• Brazil’s surfer prince urges return to monarchy

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    RIO DE JANEIRO: He surfs, dances in carnivals and can sound more revolutionary than royal, but Prince Dom Joao de Orleans e Braganca is serious about restoring the monarchy to save Brazil.

    As Latin America’s biggest country sinks under a tsunami of corruption, recession and political instability, Dom Joao told Agence France-Presse that the royals—who were last in charge 126 years ago—could be part of a “radical” solution.

    The prince, great-great-grandson of the tragic final monarch, Emperor Pedro II, said Brazil should switch from a republic to a constitutional monarchy, along the lines of Britain or Sweden, where Queen Elizabeth II and King Carl XVI Gustaf are essentially figureheads.

    With a graying, trimmed beard, a neatly buttoned shirt, tan slacks and boat shoes worn without socks, the 62-year-old real estate developer and keen photographer said there would be no need for ornate palaces and long titles.

    Brazil’s modern emperor would be modeled on the modest, so-called bicycle monarchs of Scandinavia, he said—even if as a lifelong beach lover, he’d more likely be dubbed the surfer king.

    “There’s an idea that the monarchy is pompous and I don’t disagree, but if you look at the modern ones, especially the Scandinavians, they are very simple heads of state,” he said at his apartment building in Rio’s swanky Leblon neighborhood.

    Dom Joao claims that royals would mean the return of an almost extinct type of public figure in today’s Brazil, where president Dilma Rousseff is in the throes of impeachment proceedings over her alleged fiddling of the national budget, while Congress is reeling from corruption scandals.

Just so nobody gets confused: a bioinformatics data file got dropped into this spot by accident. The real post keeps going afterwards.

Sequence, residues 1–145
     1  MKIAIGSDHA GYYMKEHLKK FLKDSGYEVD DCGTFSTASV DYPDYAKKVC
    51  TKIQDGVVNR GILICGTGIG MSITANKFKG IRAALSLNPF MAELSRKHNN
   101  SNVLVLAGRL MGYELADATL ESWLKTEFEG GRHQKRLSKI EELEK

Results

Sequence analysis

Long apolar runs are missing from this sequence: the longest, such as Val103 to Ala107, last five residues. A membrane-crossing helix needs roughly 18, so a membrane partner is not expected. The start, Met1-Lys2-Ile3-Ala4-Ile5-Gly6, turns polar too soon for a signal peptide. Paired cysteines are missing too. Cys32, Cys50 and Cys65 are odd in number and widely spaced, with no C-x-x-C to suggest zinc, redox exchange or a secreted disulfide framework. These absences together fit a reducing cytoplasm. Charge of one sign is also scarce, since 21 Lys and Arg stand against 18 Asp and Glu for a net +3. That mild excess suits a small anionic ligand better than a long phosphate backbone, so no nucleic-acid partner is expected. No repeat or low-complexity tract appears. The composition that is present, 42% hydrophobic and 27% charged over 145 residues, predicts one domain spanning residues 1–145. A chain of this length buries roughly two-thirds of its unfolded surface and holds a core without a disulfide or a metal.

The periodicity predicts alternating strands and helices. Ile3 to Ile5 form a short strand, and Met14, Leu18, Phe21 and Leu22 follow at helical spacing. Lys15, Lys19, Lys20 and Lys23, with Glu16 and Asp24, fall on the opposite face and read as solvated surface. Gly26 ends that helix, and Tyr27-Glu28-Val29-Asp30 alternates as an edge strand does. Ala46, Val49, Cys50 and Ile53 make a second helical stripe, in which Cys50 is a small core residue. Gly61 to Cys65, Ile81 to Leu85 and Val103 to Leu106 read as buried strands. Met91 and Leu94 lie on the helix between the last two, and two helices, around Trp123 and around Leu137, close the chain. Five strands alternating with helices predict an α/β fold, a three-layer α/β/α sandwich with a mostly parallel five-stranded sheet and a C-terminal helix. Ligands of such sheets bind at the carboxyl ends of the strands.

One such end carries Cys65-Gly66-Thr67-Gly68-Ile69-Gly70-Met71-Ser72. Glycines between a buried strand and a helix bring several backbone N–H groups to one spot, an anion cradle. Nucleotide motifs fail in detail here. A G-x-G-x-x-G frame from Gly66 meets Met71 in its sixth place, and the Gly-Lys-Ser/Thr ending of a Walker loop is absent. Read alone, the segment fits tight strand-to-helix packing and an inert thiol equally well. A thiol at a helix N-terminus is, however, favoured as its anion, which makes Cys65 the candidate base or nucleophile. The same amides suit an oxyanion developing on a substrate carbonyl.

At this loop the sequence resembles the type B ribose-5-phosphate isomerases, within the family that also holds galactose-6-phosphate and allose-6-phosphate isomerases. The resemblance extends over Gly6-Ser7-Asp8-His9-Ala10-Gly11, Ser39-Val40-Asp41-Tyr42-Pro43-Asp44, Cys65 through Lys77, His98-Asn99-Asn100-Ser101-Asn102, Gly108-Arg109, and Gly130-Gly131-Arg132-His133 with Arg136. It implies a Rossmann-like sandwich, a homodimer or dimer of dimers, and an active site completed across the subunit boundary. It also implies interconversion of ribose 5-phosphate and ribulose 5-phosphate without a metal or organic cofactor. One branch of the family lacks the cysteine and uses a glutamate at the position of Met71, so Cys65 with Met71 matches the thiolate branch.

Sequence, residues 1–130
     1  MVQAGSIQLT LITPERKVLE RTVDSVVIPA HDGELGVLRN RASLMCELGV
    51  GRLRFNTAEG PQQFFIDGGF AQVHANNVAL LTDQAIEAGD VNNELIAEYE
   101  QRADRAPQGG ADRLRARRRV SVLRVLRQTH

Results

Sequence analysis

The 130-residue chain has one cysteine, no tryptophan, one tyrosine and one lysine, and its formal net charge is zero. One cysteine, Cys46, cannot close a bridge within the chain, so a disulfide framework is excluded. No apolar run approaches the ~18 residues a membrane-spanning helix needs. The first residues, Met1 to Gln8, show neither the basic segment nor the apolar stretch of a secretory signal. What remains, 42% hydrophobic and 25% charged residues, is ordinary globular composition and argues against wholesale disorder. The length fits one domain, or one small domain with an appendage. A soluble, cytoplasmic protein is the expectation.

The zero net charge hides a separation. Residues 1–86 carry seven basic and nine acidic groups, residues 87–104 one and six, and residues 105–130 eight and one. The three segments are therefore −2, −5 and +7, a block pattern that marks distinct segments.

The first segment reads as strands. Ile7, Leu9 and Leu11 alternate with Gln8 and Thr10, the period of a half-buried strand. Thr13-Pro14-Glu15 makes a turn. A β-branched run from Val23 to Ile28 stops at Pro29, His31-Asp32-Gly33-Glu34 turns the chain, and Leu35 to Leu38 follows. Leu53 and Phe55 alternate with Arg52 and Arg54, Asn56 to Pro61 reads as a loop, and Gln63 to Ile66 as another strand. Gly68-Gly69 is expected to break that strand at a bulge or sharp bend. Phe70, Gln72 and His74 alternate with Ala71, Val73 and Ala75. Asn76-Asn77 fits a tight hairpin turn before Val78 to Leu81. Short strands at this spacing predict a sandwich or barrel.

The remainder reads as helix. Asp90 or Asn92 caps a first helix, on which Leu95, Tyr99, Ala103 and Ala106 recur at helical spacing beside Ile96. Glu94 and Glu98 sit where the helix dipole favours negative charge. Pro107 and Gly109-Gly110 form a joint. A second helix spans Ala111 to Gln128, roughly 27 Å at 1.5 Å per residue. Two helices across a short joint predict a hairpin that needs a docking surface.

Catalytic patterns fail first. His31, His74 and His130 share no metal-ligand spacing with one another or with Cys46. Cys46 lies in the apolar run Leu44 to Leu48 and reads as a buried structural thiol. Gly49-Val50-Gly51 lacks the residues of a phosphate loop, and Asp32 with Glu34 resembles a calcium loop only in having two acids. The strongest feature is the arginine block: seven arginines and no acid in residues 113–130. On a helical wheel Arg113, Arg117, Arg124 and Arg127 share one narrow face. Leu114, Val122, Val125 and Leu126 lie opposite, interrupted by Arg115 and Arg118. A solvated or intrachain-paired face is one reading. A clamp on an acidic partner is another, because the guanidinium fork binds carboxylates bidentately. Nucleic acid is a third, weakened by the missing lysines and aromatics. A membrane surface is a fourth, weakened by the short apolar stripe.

“As royals, the one difference is that we have been raised to have … a sense of serving the country without wanting anything back,” Dom Joao said.

    Game of thrones
    Although most Brazilians would agree the political system isn’t working, few are serious about putting the imperial family back in business. The last time Brazilians held a referendum on restoration, in 1993, only 10 percent voted yes.

    And there’s another problem: the royals can’t agree who would wear the crown.

    The last to occupy the throne, Emperor Pedro II, was deposed on November 15, 1889 in a military takeover, followed by the declaration of a republic. A progressive monarch whose reign saw the abolition of slavery and Brazil’s rise as a regional power, Pedro II went into exile in Europe where he is said to have lived with little money, dying two years later.

    Since then, the royal family has sunk into obscurity and internal division.

    One branch living in Sao Paulo is headed by presumptive heir Dom Luiz, 77, while many consider the politically active third eldest in the family, Dom Bertrand, to be the real emperor in waiting.

    An austere and deeply religious 75-year-old, Dom Bertrand is linked to the conservative Tradition, Family and Property organization.